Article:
I hear the train a comin'; it's rollin' 'round the bend,
And I ain't seen the sunshine since I don't know when. Folsom Prison Blues, by the Immortal Johnny Cash.
No, I didn'to go to jail, I was just at work, from open to close, and it felt like jail at times. I am now off for two whole days, and man am I tired. These extended periods of time where there isn't any time to be off, the time that you do have off, you tend to sleep. The creative juices just don't flow. My single day off in the past two weeks had been requested off weeks ago, to use it watching the Patriots defense get spanked last Monday. I guess that I fared it pretty well, though. The good things about working this hard is that there is always a pocket bulging with cash every night, so the rewards are immediate. We have been a bad combination for most restaurants, and that is busy and short-staffed. We are so short-staffed that I have become a trainer already! I have been working there less than two months and am already training new employees. That doesn't really bode very well for the place. I am good at this sort of thing, but still find myself asking questions and being corrected by the cooks about my ordering procedures. I guess that since much of the staff is either burnt out or otherwise scatter-brained, I was a logical choice. So, I am not dead or in jail, just busy as hell and tired.
Since a lot of my business these days has been retirees, I will dedicate this post to them. I will tell you about a few of our elderly people that were regulars. All of these people are absolutely real people that I knew tons about, but I am just telling you the basics. I am sure that a few must be dead right now, and others may still very well be doing what they have been doing for years...
I guess that I will start with Ken. Ken had a "condition." He was very well kept and groomed, even though he was likely 80 years old. He always dined alone, ate the same thing and drank the same thing every time. Noah and I loved the guy dearly, and he loved us. He had the fried oysters with a Grey Goose martini with olives. Noah and I poured that thing to absolutely near overflowing, and charged him for the "Skol" house vodka martini. His hands trembled and shook as he tried to drink or eat anything. He always seemed to be wearing medical bracelets and often had fresh IV type scars/cuts on his arms and hands. He LOVED it when we were dead and we had time to chat, but he also loved the "scene" when we were busy. We would absolutely fall over each other to find him a seat at the bar if he came out on a Friday or Saturday, pushing aside people to find him three feet of open space and a stool. He loved to chat with us and loved to sit near the "well." When the oysters came, he would drink a small lite beer (which we never charged him for,) and then pay his check and tip us $10. This went on for nearly two years, and we watched him waste away to almost nothing. We figured him for gay and dying of AIDS, but any inquiries were shot down immediately by him and considered rude, not that it mattered to us the way that he tipped. One day the place had a female bartender fill in for one of us and poor Ken nearly flipped out! The next time we saw him he was pretty upset. He felt that bartenders should be men, and the waitresses should be women. He was very adamant about this, going so far as to say that only the DAY bartender should be a woman, and that the night barstaff should all be men, with attractive females waiting tables in the lounge, and that was the successful formula. We saw him two to three times a week for nearly two years, and then one day he stopped coming in. We were sad, and figured that he was likely not going to come in ever again. He was the best type of regular to have.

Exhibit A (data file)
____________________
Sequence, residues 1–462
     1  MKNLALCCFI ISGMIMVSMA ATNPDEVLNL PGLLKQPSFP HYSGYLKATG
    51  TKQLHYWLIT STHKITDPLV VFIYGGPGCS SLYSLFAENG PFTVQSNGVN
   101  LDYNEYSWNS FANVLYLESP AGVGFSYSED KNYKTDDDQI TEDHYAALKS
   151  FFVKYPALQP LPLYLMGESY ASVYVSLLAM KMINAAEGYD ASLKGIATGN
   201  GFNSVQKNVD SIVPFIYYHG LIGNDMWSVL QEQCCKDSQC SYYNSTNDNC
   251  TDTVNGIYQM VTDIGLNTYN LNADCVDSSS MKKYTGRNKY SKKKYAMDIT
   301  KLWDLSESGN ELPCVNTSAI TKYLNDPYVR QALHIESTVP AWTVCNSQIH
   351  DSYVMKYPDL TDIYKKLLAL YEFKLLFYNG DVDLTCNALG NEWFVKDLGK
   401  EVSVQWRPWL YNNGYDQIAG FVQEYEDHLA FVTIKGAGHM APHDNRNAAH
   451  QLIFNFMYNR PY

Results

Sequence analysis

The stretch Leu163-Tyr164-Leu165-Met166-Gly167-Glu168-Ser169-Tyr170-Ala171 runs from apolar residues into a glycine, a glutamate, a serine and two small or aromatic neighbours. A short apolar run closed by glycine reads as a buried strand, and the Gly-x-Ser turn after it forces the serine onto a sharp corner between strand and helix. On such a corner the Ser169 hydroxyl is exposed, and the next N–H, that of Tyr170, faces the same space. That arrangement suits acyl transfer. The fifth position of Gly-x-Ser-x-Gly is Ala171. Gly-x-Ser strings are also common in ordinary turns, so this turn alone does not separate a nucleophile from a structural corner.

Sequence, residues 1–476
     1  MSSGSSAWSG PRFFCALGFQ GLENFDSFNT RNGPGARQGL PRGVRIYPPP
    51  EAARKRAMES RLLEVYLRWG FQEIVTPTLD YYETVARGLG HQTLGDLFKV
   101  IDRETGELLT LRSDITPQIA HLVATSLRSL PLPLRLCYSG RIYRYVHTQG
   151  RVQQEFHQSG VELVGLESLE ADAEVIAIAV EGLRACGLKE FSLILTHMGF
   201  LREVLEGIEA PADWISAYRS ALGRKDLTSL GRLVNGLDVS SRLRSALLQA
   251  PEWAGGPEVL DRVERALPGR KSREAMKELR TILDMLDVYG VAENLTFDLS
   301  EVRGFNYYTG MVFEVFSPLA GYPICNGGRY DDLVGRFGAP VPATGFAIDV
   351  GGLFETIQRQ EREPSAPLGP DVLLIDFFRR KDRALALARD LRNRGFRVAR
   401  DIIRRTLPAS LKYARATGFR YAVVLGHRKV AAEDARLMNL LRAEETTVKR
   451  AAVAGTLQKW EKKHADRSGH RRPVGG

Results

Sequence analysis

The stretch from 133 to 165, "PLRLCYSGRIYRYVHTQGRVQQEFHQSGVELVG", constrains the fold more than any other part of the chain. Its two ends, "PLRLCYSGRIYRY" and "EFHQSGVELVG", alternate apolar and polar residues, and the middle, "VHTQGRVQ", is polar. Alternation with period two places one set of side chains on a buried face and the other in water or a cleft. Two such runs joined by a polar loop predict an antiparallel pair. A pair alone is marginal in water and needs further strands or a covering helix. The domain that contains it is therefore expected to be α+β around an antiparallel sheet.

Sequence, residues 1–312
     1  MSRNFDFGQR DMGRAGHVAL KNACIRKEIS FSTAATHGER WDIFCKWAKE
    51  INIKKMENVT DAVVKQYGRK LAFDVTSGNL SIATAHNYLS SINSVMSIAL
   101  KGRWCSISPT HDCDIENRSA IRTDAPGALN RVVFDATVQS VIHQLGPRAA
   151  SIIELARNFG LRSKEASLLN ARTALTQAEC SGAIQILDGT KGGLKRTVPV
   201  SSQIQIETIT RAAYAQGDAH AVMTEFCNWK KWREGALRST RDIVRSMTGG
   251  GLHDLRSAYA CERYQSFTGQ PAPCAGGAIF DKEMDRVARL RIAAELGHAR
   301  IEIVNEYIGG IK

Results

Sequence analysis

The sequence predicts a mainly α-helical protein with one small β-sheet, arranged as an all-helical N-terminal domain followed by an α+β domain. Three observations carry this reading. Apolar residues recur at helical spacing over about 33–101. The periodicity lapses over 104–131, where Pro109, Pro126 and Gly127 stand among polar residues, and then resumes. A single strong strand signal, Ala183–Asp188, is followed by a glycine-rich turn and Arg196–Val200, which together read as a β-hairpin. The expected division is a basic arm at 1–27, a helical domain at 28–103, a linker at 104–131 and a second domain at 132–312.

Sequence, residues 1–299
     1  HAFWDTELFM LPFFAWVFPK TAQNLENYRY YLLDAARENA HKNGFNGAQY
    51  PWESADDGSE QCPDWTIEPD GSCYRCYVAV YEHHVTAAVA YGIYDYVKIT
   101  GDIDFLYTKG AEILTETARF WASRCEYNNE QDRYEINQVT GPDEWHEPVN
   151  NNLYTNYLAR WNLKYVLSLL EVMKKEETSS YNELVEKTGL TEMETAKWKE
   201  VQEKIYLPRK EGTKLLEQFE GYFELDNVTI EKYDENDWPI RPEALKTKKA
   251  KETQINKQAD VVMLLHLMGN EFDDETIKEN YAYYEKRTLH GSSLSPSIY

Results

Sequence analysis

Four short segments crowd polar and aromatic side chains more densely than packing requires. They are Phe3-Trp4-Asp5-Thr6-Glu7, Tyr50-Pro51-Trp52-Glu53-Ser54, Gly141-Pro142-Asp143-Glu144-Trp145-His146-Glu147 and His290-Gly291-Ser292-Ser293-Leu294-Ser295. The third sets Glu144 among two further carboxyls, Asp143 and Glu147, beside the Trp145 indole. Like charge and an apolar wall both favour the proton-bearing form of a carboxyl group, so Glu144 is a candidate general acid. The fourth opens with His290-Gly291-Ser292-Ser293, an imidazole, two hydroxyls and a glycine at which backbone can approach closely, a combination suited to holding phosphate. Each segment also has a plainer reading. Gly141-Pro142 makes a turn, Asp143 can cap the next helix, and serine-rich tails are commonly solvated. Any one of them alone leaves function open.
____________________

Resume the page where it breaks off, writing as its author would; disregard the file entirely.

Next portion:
Jean was another type. Another "regular" who always had the same drink. Jean was a retired Air Force officer, and was a ladies man. He was likely 70, drove a massive Caddilac Escalade, and was usually loaded 24/7. He always had a massive grin, like this was his preferred life that he expressly wanted to live. His white hair was so white that it was silver and was always well groomed. His clothes were purchased at Brooks Brothers in the casual section, his watch was Tag/Heuer, and his shoes were Ferragamo. The women who would accompany him were usually dripping with jewelry and in their 40's or 50's. In his bizarro alcoholic retiree world, here is how Jean spent his day. He had a condo there in Alexandria, VA next to the Shirley Highway. He would drive down Duke street, into Old Town and start his day. Southside 815, Bombay Bicycle club, even Bennigans. He stopped at them all. Anyplace along Duke Street. Every Day. ONE drink at each place, always charged for his drink, always left $2 as a tip, and then on to the next place. He was known at each place by all of the regualrs, used first names only, remembering everyone after the first introduction. He always had a giant grin, always made people laugh, and left after one drink in his Caddy. Eventually he would be back to his "home base" (his condo) and his "sortie" was over.